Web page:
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Jupiter's bright moons can be seen from Earth, here's when

Sunday, June 9th 2019, 8:26 pm - For just a few days the massive gaseous planet will be at its best visibility from Earth

Jupiter is a stunning gas giant and has a number of characteristics that make it a fan favourite. It is the largest planet in our solar system and could fit 1,300 Earths inside of it, and also has a persistent swirling storm, which is famously known as 'The Great Red Spot.'

Over the next few days you have the opportunity to see this gaseous beauty shining at its biggest and brightest for all of 2019.

On June 12 Jupiter will be the closest to Earth for this year and will continue to illuminate our night skies across North America after it reaches opposition on June 10. A telescope or binoculars will help you see the four brightest and largest moons swirling around the planet around 9 p.m. local time.

WHAT IS OPPOSITION?

As Earth whirls around the Sun once roughly every 365 days, the outer planets whirl a lot slower. These differing orbital periods allow us to go between the Sun and Jupiter yearly (approximately every 13 months), making it appear, from Earth, that Jupiter is opposite to the Sun.

redplanet

HOW TO SEE IT

You don't need to be a professional astronomer to witness the beauty of Jupiter - a simple pair of eyes and clear skies will do the trick.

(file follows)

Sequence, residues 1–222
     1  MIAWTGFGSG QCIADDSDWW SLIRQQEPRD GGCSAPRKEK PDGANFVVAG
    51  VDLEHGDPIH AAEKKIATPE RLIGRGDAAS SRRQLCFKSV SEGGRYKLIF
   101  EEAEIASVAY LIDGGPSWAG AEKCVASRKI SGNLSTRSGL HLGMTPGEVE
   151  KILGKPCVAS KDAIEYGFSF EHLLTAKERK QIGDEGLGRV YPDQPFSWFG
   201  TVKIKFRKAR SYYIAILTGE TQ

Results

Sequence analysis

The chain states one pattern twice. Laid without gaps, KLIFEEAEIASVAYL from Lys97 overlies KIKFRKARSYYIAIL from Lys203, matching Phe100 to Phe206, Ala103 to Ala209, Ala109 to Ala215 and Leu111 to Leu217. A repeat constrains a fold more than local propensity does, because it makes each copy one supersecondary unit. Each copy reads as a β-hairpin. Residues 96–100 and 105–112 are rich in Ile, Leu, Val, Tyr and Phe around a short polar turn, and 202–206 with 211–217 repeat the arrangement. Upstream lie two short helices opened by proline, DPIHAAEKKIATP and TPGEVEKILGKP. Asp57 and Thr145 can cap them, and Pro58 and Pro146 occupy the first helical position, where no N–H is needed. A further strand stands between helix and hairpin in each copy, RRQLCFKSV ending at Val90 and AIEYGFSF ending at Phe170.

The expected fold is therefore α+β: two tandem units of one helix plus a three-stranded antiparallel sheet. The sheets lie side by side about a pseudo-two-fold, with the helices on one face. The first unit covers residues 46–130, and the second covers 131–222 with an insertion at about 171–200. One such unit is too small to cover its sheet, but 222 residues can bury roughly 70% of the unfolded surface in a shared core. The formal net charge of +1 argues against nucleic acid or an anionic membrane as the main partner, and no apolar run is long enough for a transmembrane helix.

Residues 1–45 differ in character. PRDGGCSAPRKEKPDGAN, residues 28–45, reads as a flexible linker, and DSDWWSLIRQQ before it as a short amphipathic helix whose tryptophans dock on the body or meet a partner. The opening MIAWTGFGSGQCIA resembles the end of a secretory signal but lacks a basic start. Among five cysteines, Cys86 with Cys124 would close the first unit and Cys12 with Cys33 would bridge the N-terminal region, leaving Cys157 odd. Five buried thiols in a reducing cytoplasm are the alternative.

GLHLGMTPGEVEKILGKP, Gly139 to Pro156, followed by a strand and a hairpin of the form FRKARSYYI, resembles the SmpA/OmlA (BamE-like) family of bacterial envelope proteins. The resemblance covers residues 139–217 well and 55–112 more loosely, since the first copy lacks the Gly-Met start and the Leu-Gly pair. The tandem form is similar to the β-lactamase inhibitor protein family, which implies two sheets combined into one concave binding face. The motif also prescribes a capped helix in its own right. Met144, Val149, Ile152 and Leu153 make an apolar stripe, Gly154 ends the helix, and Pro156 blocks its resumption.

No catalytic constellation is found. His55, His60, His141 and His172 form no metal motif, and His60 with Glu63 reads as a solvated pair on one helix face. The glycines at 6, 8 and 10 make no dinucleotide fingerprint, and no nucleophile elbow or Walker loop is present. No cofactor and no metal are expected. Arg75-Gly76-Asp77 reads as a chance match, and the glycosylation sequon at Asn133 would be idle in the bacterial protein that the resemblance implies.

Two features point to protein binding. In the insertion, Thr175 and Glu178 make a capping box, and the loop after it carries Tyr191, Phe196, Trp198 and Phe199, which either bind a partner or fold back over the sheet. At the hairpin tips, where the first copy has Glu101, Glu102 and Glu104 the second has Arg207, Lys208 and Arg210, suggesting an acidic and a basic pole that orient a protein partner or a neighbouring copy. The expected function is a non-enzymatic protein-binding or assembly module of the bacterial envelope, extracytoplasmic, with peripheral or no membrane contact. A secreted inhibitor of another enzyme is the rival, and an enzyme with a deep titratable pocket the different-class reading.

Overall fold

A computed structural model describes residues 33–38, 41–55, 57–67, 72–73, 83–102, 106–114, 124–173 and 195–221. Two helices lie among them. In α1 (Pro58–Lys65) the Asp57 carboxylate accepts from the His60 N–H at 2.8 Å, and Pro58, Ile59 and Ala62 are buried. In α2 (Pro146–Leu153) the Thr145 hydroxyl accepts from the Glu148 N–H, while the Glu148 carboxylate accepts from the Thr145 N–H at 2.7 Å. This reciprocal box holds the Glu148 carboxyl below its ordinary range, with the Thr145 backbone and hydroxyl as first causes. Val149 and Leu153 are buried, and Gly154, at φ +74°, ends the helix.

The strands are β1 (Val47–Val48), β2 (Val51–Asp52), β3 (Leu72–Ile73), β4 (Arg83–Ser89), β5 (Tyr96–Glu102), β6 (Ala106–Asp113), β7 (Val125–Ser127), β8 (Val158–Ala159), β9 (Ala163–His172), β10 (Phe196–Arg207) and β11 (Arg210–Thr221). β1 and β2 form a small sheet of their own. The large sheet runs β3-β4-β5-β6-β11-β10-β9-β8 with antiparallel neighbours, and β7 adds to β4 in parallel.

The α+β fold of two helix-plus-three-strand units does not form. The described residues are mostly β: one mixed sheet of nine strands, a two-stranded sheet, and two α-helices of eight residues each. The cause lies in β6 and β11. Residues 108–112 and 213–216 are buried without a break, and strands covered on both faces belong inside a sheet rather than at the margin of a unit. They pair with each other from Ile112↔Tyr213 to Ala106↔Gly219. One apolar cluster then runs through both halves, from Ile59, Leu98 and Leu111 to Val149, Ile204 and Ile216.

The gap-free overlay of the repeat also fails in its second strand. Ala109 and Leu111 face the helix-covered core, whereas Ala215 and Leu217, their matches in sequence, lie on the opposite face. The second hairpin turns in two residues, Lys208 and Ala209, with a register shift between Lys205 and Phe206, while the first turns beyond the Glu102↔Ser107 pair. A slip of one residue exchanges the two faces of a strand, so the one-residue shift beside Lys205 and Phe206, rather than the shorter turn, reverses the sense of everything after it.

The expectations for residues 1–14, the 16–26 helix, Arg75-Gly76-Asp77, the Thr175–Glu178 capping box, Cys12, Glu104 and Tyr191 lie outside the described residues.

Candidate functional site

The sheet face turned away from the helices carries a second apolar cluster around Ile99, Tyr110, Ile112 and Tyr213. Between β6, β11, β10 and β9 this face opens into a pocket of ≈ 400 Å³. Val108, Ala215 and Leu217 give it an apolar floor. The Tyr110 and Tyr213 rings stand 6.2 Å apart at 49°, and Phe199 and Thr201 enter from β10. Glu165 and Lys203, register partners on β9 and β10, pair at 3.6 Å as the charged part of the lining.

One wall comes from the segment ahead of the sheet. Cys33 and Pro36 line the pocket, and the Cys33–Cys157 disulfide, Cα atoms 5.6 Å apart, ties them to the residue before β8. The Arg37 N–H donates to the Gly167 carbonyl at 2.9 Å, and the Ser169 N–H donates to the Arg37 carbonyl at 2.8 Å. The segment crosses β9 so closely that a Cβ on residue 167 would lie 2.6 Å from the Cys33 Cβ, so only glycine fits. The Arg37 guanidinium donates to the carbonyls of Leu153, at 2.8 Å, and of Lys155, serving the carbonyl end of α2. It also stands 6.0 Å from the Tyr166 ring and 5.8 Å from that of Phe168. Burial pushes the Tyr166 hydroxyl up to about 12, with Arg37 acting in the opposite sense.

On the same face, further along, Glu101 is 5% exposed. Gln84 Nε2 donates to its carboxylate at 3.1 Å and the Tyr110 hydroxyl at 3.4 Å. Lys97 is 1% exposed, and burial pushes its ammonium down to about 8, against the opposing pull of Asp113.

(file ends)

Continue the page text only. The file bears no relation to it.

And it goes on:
As the sun sets to our west, look to the eastern horizon and watch Jupiter rise across the starry night sky in almost an exact opposite timeline to the Sun. To the naked eye, it will appear as a bright "star", but will graze along a path from east to west among the background of stars from dusk to dawn ... all night long!

redplanet41975608981 d7550ab7a5 o Jupiter, on approach to Opposition in 2017 from the Hubble Space Telescope. Credit: NASA and ESA

With a good pair of binoculars and a steady hand, you can get a glimpse of Jupiter's Galilean moons: Ganymede, Io, Europa and Callisto. Look closely as they will appear as 4 tiny dots close to the planet.

skinnyphoto40189377640 dfe9e14de9 o The 4 Galilean moons. From left to right in order of increasing distance from Jupiter, Io is closest, followed by Europa, Ganymede, and Callisto. Credit: NASA/JPL/DLR

So over the next few days, do yourself a favour and look up at the night sky to enjoy the spectacular sights of Jupiter from our own planet and a view that won't be this great again until June of 2019.

For more, be sure to read our guide to summer astronomy and check out our other space content!

Happy planet hunting!

WATCH BELOW: ARE WE SEEING THE LAST OF JUPITER'S GREAT RED SPOT?

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